In immediate response to the initial spread of COVID-19 in Australia, all live performances –including jazz – stopped in mid-March, followed by nationwide lockdowns, cancellation of events and harsh limits put on gatherings. Everyone has been affected by this pandemic.
A recent survey of 238 members of the Australian jazz sector has detailed the impact of COVID-closures, particularly in terms of:
- Creative practice
- Economic Activity
- Financial support
- Wellbeing – physical and mental
- Engagement/connection to broader structural infrastructure/institutions
Survey respondents included artists, venues, festivals, teachers, students, media, audience members and others, three quarters of whom were metropolitan based. One third of respondents identified as female and 1% identified as non-binary.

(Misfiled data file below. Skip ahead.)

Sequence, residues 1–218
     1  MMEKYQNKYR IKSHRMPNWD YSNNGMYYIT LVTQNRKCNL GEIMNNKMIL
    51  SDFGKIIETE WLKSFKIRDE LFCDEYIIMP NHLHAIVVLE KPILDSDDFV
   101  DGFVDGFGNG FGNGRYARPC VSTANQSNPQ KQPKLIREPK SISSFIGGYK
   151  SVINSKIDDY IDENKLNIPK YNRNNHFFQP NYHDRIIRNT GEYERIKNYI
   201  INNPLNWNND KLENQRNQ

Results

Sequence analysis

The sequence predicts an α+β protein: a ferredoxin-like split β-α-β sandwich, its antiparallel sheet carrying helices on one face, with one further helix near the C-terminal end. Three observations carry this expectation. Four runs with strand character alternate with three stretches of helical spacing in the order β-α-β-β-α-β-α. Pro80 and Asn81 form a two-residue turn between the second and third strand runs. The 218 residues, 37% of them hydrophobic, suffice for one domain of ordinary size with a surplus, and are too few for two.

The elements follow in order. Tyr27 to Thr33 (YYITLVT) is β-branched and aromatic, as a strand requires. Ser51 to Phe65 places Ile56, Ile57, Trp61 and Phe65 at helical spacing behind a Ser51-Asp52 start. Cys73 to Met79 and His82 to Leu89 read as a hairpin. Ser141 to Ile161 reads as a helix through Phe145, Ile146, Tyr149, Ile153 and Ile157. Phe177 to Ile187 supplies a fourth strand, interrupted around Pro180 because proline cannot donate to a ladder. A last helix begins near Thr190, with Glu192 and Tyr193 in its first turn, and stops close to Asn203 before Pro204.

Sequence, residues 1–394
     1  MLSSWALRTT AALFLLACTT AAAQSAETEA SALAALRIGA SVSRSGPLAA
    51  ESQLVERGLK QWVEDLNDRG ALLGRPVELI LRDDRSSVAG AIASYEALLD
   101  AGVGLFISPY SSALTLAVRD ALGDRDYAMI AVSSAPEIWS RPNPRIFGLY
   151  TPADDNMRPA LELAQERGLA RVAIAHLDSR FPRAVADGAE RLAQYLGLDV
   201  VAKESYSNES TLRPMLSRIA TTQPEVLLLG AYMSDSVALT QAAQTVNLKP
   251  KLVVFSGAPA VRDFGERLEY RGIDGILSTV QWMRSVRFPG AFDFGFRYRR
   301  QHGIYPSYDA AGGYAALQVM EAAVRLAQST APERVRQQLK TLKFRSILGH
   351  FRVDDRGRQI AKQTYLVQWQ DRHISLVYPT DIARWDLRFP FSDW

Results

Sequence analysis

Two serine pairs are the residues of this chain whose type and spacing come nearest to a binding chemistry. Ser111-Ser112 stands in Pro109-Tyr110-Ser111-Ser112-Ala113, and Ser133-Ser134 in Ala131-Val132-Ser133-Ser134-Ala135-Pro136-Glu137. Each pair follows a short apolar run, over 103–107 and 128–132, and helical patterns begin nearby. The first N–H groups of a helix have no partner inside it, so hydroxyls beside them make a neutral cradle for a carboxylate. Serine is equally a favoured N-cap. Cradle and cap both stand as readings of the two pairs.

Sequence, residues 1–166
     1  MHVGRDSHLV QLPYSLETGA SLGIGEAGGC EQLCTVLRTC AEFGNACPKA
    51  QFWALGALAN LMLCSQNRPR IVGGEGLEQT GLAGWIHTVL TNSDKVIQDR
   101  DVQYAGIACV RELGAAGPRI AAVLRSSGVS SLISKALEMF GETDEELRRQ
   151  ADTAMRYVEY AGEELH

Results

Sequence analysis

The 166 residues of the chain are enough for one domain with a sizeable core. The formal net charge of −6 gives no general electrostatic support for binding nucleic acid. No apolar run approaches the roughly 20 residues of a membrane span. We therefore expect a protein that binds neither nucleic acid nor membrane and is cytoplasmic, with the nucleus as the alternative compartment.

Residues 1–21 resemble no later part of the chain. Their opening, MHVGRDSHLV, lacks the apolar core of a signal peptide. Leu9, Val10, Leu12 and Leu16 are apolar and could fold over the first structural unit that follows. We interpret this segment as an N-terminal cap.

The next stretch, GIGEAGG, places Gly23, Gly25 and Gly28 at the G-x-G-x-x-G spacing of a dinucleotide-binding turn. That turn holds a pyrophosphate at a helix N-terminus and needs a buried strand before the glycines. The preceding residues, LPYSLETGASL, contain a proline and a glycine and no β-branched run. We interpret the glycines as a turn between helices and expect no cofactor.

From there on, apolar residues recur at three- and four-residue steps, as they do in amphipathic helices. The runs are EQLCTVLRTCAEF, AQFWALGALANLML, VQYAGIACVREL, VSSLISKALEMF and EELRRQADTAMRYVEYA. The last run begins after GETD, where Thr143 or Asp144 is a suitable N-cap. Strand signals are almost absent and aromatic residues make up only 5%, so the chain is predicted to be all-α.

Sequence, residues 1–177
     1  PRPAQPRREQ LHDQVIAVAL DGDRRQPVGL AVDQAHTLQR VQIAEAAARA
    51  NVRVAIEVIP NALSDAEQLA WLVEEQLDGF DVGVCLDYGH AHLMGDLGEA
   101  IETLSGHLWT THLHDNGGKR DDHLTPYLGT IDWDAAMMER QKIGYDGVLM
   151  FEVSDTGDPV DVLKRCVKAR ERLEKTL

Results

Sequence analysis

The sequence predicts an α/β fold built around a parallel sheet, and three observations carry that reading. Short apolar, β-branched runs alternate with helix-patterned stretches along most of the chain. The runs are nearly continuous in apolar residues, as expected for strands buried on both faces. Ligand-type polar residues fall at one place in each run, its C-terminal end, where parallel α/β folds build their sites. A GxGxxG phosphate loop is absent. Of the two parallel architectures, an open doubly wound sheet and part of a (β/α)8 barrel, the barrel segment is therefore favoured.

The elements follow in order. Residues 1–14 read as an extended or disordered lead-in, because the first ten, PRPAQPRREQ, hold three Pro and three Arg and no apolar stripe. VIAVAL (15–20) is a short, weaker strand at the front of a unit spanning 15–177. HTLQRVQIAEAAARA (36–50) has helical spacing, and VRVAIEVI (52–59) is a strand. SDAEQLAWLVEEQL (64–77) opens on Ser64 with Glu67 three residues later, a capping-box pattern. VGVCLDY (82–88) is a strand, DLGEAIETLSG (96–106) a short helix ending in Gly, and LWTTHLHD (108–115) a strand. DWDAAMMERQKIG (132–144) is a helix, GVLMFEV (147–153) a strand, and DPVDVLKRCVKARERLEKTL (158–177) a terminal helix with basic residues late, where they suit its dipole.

Read: Coronavirus: Australian jazz on the edge
The survey results demonstrate a massive negative impact upon the jazz community in terms of activity, loss of income and wellbeing, both physical and mental. The results also highlight a feeling of strong disconnect between the Australian jazz community and various organisations and avenues of support.
The impact has been devastating, according to the survey results:
- Music related activities – 93% of respondents have lost work
- Income – 84% have lost money
- Physical wellbeing – 39% worse off
- Mental wellbeing – 75% worse off – with 1 in 4 stating a “huge decrease”
A handful of people reported positive impacts of the lockdown in regard to physical and mental wellbeing, 10% and 5% respectively. This is likely due to enforced time off allowing for self-care. Overall, the impact has been overwhelming negative, especially in terms of mental wellbeing.